Precious talent

Yuvraj Singh... worth a lot more to Indian cricket. — Pic. AP-

The time has come to give Yuvraj Singh a fling in Tests. There is an element of solidity about his cricket these days that cannot be overlooked. The man who swoops on the ball, can also soar high, much like an eagle in the skies, in any form of the game, writes S. DINAKAR.

THE straightness of his blade was pleasing, so was his approach. Yuvraj Singh was on the ball.

The pitches were green, the ball jagged around, the Kiwi pacemen probed in the corridor and it was a testing time for the Indian batsmen in the Kiwiland.

Even as some bigger names struggled, Yuvraj Singh was equal to the challenge, revealing both maturity and sound judgment, playing close to his body and driving between mid-off and mid-on.

The reckless ways of the past were a distant memory. He was now concentrating hard on juicy surfaces, countering the bounce and movement.

Solid off his back-foot and leaning into his drives, Yuvraj was keen to prove a point. The young man got into position so quickly, had so much time to play the ball, place his shots. You just cannot hide class.

On pitches that were doing so much, scores of 25 (Queenstown), 54 (Wellington), 33 (Auckland) and 37 (Hamilton) were worth a lot more. Yuvraj had put a price on his wicket; his determination evident in his visage.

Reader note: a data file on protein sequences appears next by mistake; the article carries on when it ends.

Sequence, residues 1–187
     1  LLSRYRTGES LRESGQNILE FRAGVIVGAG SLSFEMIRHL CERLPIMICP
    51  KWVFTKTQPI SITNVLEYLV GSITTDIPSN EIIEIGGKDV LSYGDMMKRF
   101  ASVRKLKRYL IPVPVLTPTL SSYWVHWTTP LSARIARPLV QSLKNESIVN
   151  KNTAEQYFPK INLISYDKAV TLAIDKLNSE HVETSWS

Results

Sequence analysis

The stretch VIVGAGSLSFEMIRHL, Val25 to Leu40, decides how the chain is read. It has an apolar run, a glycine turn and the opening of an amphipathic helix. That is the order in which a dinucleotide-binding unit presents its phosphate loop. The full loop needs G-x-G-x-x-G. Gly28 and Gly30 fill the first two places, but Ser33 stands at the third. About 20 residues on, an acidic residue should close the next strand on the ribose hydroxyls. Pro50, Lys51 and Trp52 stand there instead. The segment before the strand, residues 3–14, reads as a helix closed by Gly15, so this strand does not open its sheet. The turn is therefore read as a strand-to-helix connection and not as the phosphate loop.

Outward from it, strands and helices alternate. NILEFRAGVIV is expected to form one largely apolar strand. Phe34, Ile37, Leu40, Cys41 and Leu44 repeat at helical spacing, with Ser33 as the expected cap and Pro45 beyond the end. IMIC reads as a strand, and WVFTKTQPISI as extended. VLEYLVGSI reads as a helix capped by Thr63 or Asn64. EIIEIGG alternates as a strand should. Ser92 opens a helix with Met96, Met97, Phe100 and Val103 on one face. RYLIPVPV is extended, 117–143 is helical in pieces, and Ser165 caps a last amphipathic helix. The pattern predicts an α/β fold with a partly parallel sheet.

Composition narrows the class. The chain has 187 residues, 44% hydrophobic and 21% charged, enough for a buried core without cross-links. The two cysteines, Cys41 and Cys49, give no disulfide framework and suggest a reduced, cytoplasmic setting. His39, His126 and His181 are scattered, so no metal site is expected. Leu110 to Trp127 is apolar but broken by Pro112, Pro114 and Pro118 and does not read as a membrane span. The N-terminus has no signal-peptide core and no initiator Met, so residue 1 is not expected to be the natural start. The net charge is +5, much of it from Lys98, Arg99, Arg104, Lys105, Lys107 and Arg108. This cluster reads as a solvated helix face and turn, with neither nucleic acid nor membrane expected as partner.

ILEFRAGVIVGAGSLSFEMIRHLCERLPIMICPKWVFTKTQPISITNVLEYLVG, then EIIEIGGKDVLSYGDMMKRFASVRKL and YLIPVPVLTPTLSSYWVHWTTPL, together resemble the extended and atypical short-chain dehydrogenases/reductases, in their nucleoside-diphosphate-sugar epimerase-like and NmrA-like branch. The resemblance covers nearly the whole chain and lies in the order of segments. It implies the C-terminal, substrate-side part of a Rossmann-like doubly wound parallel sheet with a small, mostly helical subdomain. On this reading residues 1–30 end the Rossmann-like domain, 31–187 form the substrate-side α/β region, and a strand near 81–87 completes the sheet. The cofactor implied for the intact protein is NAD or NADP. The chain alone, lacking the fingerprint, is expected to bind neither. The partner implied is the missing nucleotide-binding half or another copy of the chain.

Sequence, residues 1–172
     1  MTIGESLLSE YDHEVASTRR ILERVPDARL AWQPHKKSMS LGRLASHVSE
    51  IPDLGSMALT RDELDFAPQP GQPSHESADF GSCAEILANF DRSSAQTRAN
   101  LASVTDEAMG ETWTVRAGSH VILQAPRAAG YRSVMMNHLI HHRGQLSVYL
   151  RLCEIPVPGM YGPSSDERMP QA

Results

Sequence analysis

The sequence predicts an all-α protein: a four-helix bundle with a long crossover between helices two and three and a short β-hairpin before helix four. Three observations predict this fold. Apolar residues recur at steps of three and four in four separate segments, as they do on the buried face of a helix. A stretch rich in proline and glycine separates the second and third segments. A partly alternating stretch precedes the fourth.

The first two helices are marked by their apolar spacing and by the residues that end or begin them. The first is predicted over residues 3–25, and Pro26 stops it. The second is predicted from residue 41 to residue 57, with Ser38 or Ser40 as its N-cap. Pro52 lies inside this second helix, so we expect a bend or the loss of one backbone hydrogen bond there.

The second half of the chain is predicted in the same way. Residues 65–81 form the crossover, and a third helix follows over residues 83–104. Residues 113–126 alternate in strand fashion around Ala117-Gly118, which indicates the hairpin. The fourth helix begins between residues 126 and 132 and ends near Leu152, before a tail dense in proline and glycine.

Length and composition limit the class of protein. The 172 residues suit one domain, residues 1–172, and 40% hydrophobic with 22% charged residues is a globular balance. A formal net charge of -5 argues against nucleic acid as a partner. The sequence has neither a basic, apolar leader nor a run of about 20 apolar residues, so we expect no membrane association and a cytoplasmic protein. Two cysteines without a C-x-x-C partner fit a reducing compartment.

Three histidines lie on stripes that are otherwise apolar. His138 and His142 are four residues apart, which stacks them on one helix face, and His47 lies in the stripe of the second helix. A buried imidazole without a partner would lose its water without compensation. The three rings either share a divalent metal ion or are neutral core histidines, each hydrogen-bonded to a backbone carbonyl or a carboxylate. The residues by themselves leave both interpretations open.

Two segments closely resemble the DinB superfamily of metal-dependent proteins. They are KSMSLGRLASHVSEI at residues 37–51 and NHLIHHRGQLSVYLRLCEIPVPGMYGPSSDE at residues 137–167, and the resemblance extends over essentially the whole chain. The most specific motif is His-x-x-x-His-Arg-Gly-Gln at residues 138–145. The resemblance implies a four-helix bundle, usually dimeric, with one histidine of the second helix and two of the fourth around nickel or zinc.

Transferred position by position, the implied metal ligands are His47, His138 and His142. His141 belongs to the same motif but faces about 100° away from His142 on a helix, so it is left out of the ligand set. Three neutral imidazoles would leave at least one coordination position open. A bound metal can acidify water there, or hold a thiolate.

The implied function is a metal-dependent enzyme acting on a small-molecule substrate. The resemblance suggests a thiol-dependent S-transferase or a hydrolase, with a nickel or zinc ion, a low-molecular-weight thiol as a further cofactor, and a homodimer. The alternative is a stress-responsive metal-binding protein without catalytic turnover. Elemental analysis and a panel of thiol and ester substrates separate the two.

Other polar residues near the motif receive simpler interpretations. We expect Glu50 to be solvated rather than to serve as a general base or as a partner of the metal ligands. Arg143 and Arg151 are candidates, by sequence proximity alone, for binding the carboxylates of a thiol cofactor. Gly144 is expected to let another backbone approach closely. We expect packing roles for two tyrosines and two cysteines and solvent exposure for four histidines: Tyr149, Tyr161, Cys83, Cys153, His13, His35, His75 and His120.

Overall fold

For most part there were at least two slips and a gully, the ball darted off the pitch, and it appeared more like a scene from Test match cricket. Things were hot for the batsmen in the cold and serene New Zealand.

Landing just before the ODIs, Yuvraj had less time than some of the more accomplished names to adjust to the conditions, yet he managed to make an impression. More than the runs the 21-year-old Punjab batsman made, it was the manner in which he got them that inspired confidence.

Then, when the Pakistanis spotted a glimmer of hope at the Centurion, Yuvraj, along with Dravid, shut the World Cup door firmly on Waqar Younis and his men.

It was a big game, the expectations were huge and Yuvraj breathed defiance, keeping the good deliveries away, punishing the poor ones. Clever cricket from the Punjab cricketer.

Indeed, a case can now be made for Yuvraj's inclusion in Tests. If he can survive the seaming pitches of New Zealand, and the pressures of an India-Pakistan World Cup duel, several key questions about his technique and temperament are answered.

We can no longer dismiss him as a limited overs batsman. Yuvraj is worth a lot more to Indian cricket.

Just the other day, under a very different setting, a sweltering afternoon in the noisy Dhaka, Yuvraj celebrated his first ODI hundred... after three years in international cricket and 70 games.

The Bangladesh attack may not have been very threatening. However, Yuvraj's century had arrived during a crisis situation; the southpaw applying himself, putting mind over matter. Beneath his jovial exterior resides a steely resolve.

Indeed, ever since he returned to the Indian side against the Zimbabweans early last year — he celebrated his recall with a sensational unbeaten 80 in the Hyderabad ODI with India on the brink of a series defeat — he has batted with resolve.

The point is, given his stroke-making skills, the runs would always flow if Yuvraj spends time in the middle. This man is a match-winner pure and simple.